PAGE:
4 surprising social media tips for pubs and restaurants
So you’ve opened your pub or restaurant – it’s time to socialise. Here are four surprising tips to use social media to promote your business effectively.
First of all, welcome to the brand-new website for Three Nations Dispense. You’ll notice plenty has changed, making it clearer to see everything we provide and giving you more ways to interact with Three Nations, such as this blog.
We will use this section to give you unique insight into starting out as a pub or restaurant, from deciphering the technical jargon you get in the day-to-day, to the more finnicky questions that nobody really wants to try to answer, as it may give away too much of their business’ secret sauce.
And so, to kick things off, we thought it’d be best to start with a topic that we know a fair thing or two about – social media. As a unique added extra to the technical services we provide, we can help with your digital marketing needs too. Our crack team of experts is ready to help with any situation, and we asked them a simple question… “what advice could you give to a pub or restaurant that they haven’t heard before?”
Search on Google, and you’ll see plenty of simple guides for hospitality social media, but we can guarantee one thing. None of them feature the below four tips. Grab a cuppa and take some notes.
1. It’s better to be in one place and do it well, rather than try to be everywhere.
There seems to be a common behaviour across businesses big and small, a want to be on as many social platforms as possible. But here’s the thing – spreading yourself too thin as that will lead to one thing. Disaster.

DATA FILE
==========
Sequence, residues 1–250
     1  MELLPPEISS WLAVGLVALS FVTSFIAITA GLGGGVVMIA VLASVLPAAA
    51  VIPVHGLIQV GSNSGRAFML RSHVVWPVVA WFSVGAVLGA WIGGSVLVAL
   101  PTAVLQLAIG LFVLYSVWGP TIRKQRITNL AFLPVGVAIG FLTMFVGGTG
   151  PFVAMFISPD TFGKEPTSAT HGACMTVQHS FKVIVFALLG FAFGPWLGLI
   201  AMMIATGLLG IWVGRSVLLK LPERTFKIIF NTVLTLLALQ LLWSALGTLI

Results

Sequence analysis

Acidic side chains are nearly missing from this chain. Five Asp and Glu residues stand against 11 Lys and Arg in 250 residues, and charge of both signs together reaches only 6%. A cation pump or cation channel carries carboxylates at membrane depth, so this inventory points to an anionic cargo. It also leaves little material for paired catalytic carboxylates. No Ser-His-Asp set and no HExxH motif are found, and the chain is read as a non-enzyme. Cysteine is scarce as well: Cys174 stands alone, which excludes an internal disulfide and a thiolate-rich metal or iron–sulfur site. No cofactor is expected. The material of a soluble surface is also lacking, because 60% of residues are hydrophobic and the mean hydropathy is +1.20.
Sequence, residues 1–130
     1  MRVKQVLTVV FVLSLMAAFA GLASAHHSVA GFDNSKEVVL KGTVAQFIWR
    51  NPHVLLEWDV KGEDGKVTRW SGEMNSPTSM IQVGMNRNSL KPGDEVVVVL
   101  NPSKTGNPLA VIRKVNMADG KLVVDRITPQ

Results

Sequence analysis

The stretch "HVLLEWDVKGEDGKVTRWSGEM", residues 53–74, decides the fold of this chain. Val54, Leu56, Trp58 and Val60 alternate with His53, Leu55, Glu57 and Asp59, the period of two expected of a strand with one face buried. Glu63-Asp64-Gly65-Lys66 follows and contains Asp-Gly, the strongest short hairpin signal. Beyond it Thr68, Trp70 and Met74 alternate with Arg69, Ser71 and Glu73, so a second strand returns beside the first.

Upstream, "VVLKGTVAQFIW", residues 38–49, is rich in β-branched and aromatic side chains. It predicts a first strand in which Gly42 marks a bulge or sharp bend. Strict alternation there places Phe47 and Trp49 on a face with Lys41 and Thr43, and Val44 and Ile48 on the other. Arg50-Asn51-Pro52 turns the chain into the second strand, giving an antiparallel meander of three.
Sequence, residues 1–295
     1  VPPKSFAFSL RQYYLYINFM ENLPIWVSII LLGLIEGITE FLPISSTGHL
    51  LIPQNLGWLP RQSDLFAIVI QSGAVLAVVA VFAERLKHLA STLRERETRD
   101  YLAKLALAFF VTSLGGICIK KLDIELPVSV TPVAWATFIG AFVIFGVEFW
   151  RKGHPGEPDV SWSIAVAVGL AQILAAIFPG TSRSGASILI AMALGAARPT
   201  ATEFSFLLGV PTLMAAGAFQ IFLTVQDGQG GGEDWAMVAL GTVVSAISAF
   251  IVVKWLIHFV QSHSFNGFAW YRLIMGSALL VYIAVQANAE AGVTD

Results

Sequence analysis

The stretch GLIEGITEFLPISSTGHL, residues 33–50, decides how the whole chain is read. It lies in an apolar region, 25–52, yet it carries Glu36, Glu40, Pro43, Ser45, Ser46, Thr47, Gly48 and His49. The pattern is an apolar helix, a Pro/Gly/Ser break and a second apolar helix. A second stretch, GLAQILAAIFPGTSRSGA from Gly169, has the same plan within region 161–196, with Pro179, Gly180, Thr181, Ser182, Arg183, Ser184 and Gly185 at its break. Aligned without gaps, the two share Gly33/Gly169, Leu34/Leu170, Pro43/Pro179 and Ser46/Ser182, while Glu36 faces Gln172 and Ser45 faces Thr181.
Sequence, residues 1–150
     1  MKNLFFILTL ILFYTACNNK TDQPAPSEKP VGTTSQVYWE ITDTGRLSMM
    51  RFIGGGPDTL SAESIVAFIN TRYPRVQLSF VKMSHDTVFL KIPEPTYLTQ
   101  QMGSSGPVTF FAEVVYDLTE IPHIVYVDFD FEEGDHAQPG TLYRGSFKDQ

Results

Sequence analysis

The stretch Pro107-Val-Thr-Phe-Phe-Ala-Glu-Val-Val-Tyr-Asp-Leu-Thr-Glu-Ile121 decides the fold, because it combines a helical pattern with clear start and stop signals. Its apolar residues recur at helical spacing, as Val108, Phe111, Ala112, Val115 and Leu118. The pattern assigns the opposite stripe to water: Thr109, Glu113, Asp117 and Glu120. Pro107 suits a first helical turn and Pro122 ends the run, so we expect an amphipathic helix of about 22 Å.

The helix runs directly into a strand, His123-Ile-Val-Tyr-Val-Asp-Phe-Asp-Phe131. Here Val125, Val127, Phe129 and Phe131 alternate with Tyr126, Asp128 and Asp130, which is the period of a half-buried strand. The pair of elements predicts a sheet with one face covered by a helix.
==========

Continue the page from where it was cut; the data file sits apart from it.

Your content will be rushed and half-baked, leading to less engagement across platforms, and (ultimately) fewer people finding out about you and visiting your establishment. We recommend a core two platforms – Facebook and Instagram – and add a third on Twitter if you’re really enjoying it.
2. Hashtags? Keep them off Facebook
Since Facebook’s announcement that hashtags can be used on their service, more and more pubs and restaurants have started using them.
It’s easy to do, but we wouldn’t recommend it. Facebook hashtags have been proven to not affect the reach of your posts in any way, and they may reduce engagement by making your content look pretty ugly.
3. Create an Instagrammable experience…or don’t
The common lesson taught here by most is to master your own photography style. Take a look through some restaurant feeds and you’ll notice they have their own defined style, whether it’s bright, colourful and full of food, or more subdued and more premium in nature.
Every brand’s voice is different, and there is always a photography style to fit. In turn, you can also run competitions to get your customers to take pictures of their own experiences. But that’s where the twist comes in, as sometimes the power of the internet can really get to some users’ heads. Several so-called “influencers” attempted to gather free ice cream from Joe Nicchi and his van, and instead of going down the standard route of agreeing on a post or gently letting them down, he went in hard – generating headlines and huge levels of interaction.
It’s the kind of response that you may feel is a nightmare interaction for business in hospitality, but if used effectively, it gets you plenty of goodwill points with your average consumer.
4. Reach and engagements aren’t necessarily the most important stats
Congratulations, you’re reading a lot of people with your posts and plenty of them are liking, commenting and sharing them…but they’re not paying the bills. Customers are. Now, how many of those people who like your posts are coming into your establishment? It’s that fabled “return on investment” that seems a little tricky to figure out.
Lucky for you, through conversion tracking, we can help with that! Drop us a message and let’s chat about what you’re looking for. Once you have a fuller picture like that, you may realise that those memes that were getting tonnes of likes may not be as effective as you think.